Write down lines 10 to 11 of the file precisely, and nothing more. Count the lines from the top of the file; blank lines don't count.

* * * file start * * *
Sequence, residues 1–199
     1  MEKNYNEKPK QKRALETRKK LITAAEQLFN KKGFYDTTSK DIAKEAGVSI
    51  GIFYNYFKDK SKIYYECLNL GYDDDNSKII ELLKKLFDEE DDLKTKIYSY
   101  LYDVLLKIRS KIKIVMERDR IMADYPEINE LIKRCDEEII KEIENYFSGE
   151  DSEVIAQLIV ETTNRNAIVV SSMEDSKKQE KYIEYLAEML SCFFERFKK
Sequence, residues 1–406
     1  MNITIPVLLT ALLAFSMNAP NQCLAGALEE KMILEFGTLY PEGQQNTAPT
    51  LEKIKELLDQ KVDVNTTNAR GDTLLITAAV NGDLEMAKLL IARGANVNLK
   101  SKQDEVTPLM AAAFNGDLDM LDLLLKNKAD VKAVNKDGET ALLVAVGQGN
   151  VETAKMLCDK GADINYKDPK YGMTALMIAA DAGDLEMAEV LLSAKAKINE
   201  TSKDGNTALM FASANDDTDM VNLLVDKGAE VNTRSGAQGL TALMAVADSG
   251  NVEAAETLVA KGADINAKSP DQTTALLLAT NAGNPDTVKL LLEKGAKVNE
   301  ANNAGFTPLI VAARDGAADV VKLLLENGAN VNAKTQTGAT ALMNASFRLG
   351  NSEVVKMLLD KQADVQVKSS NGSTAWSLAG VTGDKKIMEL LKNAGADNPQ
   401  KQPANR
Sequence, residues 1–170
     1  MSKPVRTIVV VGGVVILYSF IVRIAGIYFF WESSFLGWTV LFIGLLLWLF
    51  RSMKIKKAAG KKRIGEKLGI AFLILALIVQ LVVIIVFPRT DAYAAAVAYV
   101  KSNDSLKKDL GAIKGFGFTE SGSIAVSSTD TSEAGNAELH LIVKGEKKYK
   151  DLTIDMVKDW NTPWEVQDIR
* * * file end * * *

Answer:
   151  VETAKMLCDK GADINYKDPK YGMTALMIAA DAGDLEMAEV LLSAKAKINE
   201  TSKDGNTALM FASANDDTDM VNLLVDKGAE VNTRSGAQGL TALMAVADSG